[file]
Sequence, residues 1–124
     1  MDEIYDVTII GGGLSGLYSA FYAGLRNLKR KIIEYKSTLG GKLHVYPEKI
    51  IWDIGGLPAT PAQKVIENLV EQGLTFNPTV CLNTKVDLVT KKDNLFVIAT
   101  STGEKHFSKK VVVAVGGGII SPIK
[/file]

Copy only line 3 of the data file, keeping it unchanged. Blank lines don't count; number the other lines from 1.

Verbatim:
    51  IWDIGGLPAT PAQKVIENLV EQGLTFNPTV CLNTKVDLVT KKDNLFVIAT